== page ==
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CAMICB has maintained two listservs for both CMCAs and CMCA exam candidates for almost 10 years. The listservs require you to subscribe and act as a discussion board. Recently, we’ve noticed a decline in activity. We want to know the best way to help you connect to your peers. Let us know! We’ve brainstormed some ideas:
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By Marcel Schwantes
One thing good leaders don’t do is drive their people like cattle.
Increasingly over the years, I have witnessed more companies racking their collective HR brains trying to figure out how to best engage their employees to perform at a high level.
Well, put the foosball tables, climbing walls, and nap pods away. Culture is king in shaping employee engagement, and it doesn’t come from external perks commonly found in tech-startups, but by leaders that build the emotional commodity of trust with their employees.
That means changing your business lingo. I hear a lot of ego-tripping language about how leaders “drive” performance. It’s a popular word in business, an aggressive and celebrated hard people skill of bottom-liners, and it works. It also ruins the health and well-being of both bosses and employees driving themselves into the ground. There is a better way.
The reality is that over the last decade, leadership cultures have changed. And “driving” no longer has a place in open, people-centric, democratic work cultures where employees are valued and have a voice.
If you think about it, we drive cattle, cars and trucks, but they have no say because we’re in charge. We push them through, steer them where we want them to go, and that’s the opposite of what good leadership is about.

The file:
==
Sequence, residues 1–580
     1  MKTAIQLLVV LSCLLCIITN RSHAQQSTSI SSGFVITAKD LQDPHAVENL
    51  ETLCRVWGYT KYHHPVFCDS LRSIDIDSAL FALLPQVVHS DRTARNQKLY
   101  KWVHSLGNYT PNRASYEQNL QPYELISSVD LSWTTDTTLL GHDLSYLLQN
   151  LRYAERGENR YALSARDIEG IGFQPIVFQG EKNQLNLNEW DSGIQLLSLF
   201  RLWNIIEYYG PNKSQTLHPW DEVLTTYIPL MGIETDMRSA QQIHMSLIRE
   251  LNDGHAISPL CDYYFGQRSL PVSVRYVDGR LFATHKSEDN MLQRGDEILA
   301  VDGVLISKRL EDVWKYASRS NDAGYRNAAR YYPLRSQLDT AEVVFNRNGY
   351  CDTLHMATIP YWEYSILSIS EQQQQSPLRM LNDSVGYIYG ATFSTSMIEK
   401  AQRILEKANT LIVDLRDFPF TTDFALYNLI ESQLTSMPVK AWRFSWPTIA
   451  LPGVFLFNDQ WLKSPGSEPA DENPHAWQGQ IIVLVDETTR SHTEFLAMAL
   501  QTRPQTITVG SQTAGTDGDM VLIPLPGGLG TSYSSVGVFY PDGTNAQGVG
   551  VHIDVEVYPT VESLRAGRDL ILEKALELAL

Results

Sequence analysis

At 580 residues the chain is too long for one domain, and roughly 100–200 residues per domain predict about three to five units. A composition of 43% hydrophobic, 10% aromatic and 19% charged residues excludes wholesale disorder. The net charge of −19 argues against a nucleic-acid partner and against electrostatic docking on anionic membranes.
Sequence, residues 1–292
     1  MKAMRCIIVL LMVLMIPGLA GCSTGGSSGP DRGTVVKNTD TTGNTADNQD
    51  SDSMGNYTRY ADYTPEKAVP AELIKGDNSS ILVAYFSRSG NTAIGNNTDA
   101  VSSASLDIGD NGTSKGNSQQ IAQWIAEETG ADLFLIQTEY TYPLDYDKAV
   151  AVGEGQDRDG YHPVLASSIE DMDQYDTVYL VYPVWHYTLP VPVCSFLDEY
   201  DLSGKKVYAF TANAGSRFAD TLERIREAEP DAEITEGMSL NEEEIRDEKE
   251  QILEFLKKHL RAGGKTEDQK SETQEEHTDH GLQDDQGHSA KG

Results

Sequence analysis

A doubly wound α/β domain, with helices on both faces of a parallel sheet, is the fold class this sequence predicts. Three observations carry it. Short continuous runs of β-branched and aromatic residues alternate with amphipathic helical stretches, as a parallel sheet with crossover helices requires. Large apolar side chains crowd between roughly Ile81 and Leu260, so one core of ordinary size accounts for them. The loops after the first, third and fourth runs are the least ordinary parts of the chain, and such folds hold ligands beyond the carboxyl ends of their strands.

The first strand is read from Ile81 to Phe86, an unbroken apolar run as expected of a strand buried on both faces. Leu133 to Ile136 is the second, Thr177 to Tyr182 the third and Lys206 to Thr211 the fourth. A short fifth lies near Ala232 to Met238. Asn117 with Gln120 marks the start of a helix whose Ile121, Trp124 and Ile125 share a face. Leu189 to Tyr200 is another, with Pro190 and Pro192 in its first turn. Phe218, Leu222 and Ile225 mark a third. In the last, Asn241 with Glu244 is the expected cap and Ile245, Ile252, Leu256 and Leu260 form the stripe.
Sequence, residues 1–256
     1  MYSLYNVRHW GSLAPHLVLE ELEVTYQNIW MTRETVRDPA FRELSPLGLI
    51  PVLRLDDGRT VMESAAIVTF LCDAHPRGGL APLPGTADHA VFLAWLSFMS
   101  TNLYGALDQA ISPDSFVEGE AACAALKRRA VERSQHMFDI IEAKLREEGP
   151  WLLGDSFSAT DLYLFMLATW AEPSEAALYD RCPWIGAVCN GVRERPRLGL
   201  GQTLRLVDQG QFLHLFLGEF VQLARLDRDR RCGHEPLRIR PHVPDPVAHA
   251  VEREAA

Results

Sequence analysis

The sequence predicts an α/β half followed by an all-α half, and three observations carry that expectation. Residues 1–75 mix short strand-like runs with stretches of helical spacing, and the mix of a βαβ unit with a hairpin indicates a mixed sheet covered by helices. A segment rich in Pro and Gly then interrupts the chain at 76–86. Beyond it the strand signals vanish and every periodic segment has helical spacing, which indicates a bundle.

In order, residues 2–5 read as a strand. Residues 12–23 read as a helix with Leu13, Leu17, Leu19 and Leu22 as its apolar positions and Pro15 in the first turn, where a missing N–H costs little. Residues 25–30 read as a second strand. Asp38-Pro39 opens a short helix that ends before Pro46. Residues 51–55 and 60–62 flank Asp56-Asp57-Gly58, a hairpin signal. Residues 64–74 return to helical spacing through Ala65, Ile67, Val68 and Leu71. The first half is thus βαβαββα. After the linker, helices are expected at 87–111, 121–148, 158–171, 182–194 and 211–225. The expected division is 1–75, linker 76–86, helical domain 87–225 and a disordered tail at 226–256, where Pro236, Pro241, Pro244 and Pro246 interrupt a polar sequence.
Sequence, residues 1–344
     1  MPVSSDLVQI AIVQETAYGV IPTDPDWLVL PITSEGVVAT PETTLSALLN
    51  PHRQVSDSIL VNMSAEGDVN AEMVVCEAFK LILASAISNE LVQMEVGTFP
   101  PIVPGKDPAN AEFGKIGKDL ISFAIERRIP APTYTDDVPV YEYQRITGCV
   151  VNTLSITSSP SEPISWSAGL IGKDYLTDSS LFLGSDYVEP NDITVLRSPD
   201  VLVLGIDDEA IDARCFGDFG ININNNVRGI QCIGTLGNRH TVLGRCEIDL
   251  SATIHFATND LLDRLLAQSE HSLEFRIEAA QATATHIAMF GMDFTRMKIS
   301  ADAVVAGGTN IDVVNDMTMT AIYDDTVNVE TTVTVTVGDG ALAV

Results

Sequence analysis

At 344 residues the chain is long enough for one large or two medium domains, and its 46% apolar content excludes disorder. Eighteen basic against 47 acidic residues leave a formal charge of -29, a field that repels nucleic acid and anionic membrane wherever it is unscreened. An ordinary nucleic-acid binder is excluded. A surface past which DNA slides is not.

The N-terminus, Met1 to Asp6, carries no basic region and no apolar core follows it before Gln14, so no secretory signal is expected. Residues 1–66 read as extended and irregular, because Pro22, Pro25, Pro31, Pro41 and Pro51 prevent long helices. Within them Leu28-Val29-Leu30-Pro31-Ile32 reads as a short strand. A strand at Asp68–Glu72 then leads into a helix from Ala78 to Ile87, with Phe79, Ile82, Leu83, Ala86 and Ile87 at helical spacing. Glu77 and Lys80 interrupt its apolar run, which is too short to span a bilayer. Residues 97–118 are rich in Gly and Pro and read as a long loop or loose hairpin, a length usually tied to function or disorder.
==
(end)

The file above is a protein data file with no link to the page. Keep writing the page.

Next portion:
Good leaders lead from the heart — inspiring people into action and encouraging high performance — not drive them like cattle to the slaughter house.
The reason either scenario happens so often is because they neglect to share their leadership with others.
The rare practice of “sharing leadership” is the way good leaders go about developing a strong culture of trust. Yet it’s totally counter-intuitive and a severe blind spot for most controlling, status- and attention-seeking bosses, leading to their quick demise.
For them, the inability to share leadership has roots in both fear and ego: fear of failure if they release control, and a false ego to hide their insecurity.
Lets unpack what sharing leadership looks like in practice:
Barry Posner and Jim Kouzes, co-authors of the bestselling book, The Leadership Challenge, have surveyed tens of thousands of employees about what they look for and admire in a leader. 72 percent want leaders who are forward-looking. In other words, they want vision.
But even more important than a visionary leader is one who reflects the visions and aspirations of their people. These leaders provide answers to three questions:
When a vision addresses all three of these questions, tremendous energy is unleashed to a team. There is going to be a higher level of commitment because everyone on the team is clear about what they are doing, why they are doing it, and how their work contributes to the bigger picture.
These leaders communicate an image of the future for their team members that draws them in and speaks to what they see and feel. But they don’t drive the vision forcefully. They encourage team members to contribute their ideas and insights toward the vision.
Unlike command-and-control leaders who exercise their power through their positional authority, power and control in democratic teams come from the whole — generated by the enthusiasm, respect, shared values, and commitment the whole team has to a specific project, task, or strategy. And the leader sets the stage for this to happen.
Here’s what these leaders do that most don’t or fear doing: They let their people take turns leading. I worked for such a leader back in my corporate days over ten years ago. Here are some clear-cut examples of how he shared his leadership:
By all accounts, I was very much accountable to him, he was still the boss, but I remember how much more satisfied and engaged I was than any previous job because he shared his leadership.
Everybody is familiar with the leader-follower structure in a top down culture. It’s still the prevalent way that most companies operate. What’s appealing about this is that it takes responsibility away from followers with a brain to think on their own.